"Achingly suspenseful, full of feeling and of the twists and turns that one expects from le Carré at his best, CHILD 44 is a tale as fierce as any Russian wolf. It grabs you by the throat and never lets you go." (Robert Towne)

"An amazing debut--rich, different, fully-formed, mature...and thrilling." (Lee Child)

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Customer Reviews

Most helpful customer reviews
4.0 out of 5 stars Closer to 4.5 stars Nov. 4 2009
Surprisingly good. It's tight and fast-paced and gives a glimpse into a repressed culture in a repressed era. It could have had the feel of a history or anti-soviet lesson but managed to avoid that lecture-y feel.

Coming from our modern liberal world, it's hard not to wonder how anyone lived in that kind of repression, and how anyone managed to get anything done...

It's fiction but how much of it could have been true? Were/are there serial killers in countries that weren't/aren't caught because the government doesn't acknowledge their existence? Will we ever know?
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8 of 11 people found the following review helpful
4.0 out of 5 stars Give The Hype A Rest May 12 2008
The following are true; Mr. Smith is a talented young writer who has written a very good first book. He did his homework and lists as resources authors who have among them a winner of The Nobel Prize.
Reality check; he may someday enter the lists of writers that include John LeCarrre and other notables of this genre however he is not there at present and based on what I have read of this man I think he would be the last to suggest it. This work is a solid debut; it is not the greatest work since Guttenberg began his printing press.
I don’t know where the line is drawn between fiction and historical fiction. The author moved the events that truly took place in the 1980’s to Stalin’s 1950’s “when the stakes were much higher for someone who dared to risk opposing the State”. That may be an understatement as Stalin presided over one of the most murderous, repressive cults of personality in History.
The story required a primary character that went through an about face in his beliefs and personal conduct. I found this to be a stretch based on the events in the book. As part of The MGB Leo Demidov zealously and actively engaged in horrific behavior based upon his State-Based conditioning. I found his change as a character too extreme to accept as a reader even though the author used Khrushchev’s arrival to buttress the closing events of the book. I thought it made for an ending that was a bit too bright for 1950’s Russia.
I really did enjoy the unwinding of the motivation for the serial killer. I cannot say much as it would spoil the tale for readers to come. I found it unique among the stories of its type. And unlike others I did not find there were any contrived gotcha moments or gratuitous twists in the book.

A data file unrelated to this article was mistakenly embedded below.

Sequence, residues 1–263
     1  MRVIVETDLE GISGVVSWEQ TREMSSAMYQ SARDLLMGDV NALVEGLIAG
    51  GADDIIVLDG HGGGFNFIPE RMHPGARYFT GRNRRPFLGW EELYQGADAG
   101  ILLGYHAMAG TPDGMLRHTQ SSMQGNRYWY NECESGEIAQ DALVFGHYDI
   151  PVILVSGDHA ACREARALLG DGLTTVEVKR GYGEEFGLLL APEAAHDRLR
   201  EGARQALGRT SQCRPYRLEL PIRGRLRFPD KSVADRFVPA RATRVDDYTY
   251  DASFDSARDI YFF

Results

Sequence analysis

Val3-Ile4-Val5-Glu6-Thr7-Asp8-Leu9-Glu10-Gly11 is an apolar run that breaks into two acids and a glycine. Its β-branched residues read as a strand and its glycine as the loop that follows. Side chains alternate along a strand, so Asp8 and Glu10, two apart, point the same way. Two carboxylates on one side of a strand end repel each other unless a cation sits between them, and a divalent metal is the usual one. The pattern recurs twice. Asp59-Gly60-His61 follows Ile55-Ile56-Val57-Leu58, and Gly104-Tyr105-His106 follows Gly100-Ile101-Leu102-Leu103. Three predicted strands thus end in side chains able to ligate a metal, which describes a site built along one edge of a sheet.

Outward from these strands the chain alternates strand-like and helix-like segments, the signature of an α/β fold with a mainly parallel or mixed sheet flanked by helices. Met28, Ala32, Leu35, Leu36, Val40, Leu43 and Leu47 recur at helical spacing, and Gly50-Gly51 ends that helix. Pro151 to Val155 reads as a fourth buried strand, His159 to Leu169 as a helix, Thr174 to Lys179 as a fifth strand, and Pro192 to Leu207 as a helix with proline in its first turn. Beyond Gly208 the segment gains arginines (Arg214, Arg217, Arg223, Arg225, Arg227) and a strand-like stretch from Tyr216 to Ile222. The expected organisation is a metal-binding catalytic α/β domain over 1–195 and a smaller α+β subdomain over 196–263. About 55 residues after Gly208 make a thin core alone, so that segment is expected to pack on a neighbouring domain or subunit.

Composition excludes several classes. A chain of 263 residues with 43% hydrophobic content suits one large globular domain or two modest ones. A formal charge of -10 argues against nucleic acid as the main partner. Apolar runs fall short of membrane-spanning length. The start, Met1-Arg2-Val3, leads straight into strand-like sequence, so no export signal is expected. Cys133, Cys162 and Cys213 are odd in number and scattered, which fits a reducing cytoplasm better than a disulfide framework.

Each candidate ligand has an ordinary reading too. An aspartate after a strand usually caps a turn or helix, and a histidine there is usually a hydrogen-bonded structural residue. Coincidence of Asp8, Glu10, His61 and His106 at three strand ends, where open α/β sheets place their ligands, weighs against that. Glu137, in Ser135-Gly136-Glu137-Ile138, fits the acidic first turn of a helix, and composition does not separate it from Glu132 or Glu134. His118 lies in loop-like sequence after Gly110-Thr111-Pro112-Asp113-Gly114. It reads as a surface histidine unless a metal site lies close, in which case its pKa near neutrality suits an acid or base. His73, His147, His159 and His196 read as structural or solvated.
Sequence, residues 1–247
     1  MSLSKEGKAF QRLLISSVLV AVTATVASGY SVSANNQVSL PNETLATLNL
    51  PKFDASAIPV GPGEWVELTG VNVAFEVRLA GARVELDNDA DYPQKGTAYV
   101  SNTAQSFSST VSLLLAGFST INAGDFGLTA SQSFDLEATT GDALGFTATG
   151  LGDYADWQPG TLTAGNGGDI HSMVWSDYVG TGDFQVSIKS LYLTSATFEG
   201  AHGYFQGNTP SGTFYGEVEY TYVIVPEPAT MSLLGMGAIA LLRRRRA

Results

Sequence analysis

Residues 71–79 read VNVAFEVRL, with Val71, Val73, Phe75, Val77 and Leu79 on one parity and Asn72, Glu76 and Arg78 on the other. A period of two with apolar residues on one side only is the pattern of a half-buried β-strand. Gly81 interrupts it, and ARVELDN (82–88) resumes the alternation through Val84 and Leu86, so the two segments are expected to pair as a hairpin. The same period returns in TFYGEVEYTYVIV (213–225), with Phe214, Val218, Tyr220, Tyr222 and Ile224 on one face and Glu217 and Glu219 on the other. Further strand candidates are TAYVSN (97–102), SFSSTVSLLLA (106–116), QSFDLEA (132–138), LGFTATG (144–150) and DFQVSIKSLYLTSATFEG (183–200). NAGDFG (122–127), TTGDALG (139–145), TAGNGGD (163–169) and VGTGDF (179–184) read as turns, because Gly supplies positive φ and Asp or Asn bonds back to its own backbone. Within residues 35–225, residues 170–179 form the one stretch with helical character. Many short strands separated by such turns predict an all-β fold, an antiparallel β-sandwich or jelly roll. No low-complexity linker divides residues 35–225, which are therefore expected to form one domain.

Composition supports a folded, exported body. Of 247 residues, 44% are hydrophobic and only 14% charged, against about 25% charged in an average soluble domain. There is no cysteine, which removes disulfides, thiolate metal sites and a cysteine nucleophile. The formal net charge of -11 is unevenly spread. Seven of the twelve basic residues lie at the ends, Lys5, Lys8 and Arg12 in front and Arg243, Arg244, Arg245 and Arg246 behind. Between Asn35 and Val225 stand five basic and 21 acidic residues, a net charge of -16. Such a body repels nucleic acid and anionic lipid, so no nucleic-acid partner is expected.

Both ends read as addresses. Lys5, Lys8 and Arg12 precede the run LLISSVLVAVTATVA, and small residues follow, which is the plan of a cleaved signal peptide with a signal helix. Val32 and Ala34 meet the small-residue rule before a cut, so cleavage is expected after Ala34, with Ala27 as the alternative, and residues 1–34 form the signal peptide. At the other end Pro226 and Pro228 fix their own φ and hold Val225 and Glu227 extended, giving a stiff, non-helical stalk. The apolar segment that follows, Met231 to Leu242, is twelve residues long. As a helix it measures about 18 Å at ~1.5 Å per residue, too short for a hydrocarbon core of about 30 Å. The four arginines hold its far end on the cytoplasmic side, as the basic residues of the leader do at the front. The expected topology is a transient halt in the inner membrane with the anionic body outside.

The book is an enjoyable read. It is also the author’s first book. He is likely to write and grow and give readers finer work as he develops his talent. Talking of any author’s first work in superlatives is unfair and unrealistic.
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By Ruftara
Format:Kindle Edition|Verified Purchase
Loved the character development, the historical details and the rapid sustained pace of the story. Despite there being very little dialogue, this
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2.0 out of 5 stars Fiction? Yes. Historical. Questionable. Dec 15 2013
A page turner for sure but I question the historical accuracy of it. I suspect it's waaay overdone. I enjoy reading yes, to be entertained but also to learn something about people and different places so that I can be a better man after I finish reading it. When it sensationalizes and exaggerates history it does no one a favour.

Speaking of sensationalizing, like too much we see around us now, it has an obsession with glorified violence and tries to out-do the next book over in its horror.
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4.0 out of 5 stars Russia Under Stalin March 19 2013
By James A. Anderson TOP 1000 REVIEWER
Good book. Really enjoyed it.

The author presents a solid mystery wrapped up in the enigma of Stalinist Russia -- where murder and crime doesn't officially exist. Although Stalin himself murdered millions.

I thought the story tied together well although the book plodded a bit in the middle. The author sets up sequels which I will have to check out.